Exhibit 5: Percent of Corporate Market Managers can Overweight (0.5% position)
While this example addresses issues related to purchasing bonds, it also pertains to the potential difficulties these same firms encounter when trying to sell large positions whenever credit or valuation concerns arise. The ability to trade large bond positions has declined significantly as bond dealer corporate inventories continue to fall as a regulatory consequence of the financial crisis. At the same time, investment grade debt outstanding has ballooned to all time highs. Put together, because dealers have less capital to make markets buying and selling bonds from their customers, trading volumes in larger sizes have contracted. For example, only 13% of the trades that occurred for the 10 largest bonds in the index were $5 million or greater over recent periods. To put that in perspective, $5 million represents a 0.50% position for a $1 billion portfolio.
Exhibit 6: Investment Grade Debt Outstanding
Exhibit 7: Corporate Dealer Inventories
Exhibit 8: Percent of Corporate Trades Based on Size
This analysis has focused on the corporate universe because it is the largest credit related sector. A similar evaluation of the ABS and CMBS sectors would show even less flexibility given the smaller size of these markets. The industry can sometimes assume that larger managers provide superior returns given their size and market influence. However, this analysis demonstrates that size can actually limit the ability to implement relative value views across investment grade sectors or individual credits. Scale and trading limitations can result in portfolios with heavy allocations to Treasury and Agency related securities that are not desirable for income oriented insurance investors.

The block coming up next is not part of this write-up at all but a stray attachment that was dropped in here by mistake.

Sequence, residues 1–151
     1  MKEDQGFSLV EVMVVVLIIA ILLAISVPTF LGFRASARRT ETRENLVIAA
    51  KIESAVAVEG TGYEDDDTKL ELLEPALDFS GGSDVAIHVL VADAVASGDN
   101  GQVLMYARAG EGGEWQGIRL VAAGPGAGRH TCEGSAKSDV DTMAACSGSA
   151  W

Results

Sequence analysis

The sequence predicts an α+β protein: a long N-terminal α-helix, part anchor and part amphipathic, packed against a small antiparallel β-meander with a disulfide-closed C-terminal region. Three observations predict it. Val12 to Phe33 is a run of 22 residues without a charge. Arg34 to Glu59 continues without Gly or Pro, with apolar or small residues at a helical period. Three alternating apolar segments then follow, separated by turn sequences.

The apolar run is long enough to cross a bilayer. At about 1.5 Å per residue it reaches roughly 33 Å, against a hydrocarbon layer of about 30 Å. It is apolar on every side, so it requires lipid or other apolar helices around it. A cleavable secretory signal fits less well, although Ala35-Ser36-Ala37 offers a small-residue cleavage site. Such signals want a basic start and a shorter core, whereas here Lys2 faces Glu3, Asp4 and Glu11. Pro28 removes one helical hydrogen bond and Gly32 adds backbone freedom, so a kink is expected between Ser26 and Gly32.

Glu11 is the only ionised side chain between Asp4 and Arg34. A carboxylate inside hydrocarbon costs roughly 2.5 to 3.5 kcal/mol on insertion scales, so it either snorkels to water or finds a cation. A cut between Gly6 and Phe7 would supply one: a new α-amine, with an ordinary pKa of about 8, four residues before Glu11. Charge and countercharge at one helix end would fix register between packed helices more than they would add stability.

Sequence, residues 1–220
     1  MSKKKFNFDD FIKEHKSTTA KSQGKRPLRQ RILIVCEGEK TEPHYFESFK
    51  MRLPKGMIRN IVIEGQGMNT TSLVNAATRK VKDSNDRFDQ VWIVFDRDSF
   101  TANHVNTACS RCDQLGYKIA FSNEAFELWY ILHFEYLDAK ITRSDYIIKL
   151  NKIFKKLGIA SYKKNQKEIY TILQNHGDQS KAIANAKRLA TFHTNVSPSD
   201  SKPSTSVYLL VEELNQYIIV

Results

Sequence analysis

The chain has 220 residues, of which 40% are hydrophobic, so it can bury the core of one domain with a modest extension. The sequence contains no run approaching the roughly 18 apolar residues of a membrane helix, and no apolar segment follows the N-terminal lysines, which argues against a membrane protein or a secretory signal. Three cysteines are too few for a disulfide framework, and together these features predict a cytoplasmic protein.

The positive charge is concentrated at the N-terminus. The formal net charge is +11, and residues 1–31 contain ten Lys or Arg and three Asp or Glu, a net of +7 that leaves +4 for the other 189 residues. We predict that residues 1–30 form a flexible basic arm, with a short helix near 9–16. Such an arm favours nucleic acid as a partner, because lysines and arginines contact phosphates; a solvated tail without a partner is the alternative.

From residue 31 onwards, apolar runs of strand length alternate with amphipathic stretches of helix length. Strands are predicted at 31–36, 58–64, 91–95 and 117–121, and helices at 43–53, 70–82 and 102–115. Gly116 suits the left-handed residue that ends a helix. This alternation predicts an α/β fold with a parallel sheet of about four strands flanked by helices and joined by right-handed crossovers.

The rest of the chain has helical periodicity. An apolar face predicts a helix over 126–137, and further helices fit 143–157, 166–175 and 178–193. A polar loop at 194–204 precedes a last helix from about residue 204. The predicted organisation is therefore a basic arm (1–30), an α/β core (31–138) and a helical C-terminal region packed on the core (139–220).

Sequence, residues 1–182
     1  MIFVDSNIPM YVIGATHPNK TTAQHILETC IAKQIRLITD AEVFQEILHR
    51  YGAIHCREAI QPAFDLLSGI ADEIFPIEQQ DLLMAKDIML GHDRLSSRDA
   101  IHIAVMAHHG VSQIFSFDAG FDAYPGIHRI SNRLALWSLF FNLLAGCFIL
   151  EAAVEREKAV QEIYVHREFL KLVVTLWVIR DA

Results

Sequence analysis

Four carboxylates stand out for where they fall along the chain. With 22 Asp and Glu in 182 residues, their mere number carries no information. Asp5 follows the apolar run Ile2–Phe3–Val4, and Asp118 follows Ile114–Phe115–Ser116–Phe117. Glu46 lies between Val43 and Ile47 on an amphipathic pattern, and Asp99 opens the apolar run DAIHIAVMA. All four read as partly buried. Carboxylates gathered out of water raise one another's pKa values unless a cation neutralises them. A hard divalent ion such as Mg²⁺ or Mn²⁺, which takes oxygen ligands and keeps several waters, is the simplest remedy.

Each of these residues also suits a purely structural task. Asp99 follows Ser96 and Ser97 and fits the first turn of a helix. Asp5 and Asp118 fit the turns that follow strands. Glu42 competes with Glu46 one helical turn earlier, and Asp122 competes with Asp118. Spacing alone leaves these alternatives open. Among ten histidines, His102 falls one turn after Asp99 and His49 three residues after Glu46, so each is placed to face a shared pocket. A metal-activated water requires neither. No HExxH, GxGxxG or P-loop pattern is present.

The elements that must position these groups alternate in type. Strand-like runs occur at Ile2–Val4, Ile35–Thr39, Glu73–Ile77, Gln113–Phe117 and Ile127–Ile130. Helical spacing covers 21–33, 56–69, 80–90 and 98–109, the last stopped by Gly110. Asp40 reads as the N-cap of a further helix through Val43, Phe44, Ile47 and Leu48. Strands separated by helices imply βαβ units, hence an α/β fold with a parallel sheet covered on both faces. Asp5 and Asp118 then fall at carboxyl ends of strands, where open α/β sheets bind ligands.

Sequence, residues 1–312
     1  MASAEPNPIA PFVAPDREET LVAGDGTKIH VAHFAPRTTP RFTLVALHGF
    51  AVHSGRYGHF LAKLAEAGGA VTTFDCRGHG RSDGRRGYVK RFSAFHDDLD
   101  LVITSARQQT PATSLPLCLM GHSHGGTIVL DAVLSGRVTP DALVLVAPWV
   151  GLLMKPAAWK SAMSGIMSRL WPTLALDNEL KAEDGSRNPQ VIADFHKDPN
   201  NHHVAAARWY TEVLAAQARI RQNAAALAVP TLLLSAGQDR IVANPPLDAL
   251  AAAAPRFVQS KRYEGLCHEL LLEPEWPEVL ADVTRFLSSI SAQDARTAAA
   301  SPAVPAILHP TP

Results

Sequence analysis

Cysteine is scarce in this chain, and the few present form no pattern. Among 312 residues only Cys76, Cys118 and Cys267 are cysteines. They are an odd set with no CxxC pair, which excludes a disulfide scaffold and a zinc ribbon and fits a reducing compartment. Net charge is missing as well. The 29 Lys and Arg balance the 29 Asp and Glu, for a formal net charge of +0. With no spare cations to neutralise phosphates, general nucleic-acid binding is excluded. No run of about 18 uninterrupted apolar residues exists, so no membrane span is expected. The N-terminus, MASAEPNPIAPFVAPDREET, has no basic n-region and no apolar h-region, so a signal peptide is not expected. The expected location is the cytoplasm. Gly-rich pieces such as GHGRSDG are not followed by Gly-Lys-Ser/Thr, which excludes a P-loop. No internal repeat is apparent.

With this analysis, we have shown the connection between the size of a manager’s assets and their portfolio characteristics, which ultimately is reflected in their investment performance. Managers need scale and resources to successfully navigate the market, but being too large can limit execution of investment ideas. At AAM, our philosophy is that insurance portfolios require a yield-oriented approach within a risk-controlled framework. Our research capabilities and size allow the advantage of gaining meaningful allocations to the credit markets and effectively implementing trade ideas within portfolios. That combination has resulted in a track record of consistently competitive total returns.
Exhibit 9: Annualized Returns
Exhibit 10: US Core Fixed Income Distribution of Returns
Principal, Vice President, and Senior Portfolio Manager
Scott Skowronski, CFA is a Principal, Vice President, and Senior Portfolio Manager at AAM. He has 23 years of investment experience, 18 of which have been dedicated to fixed income. Scott is responsible for constructing portfolios based on client-specific objectives, constraints, and risk preferences. He is also responsible for communicating market developments and portfolio updates to clients. In addition to this, Scott is a member of AAM’s ‘Outsourced CIO’ Committee. Immediately prior to joining AAM, Scott worked as a Portfolio Manager and Senior Analyst at Brandes Investment Partners. He is a member of the CFA Institute. Scott earned a BA in Risk Management from Illinois Wesleyan University.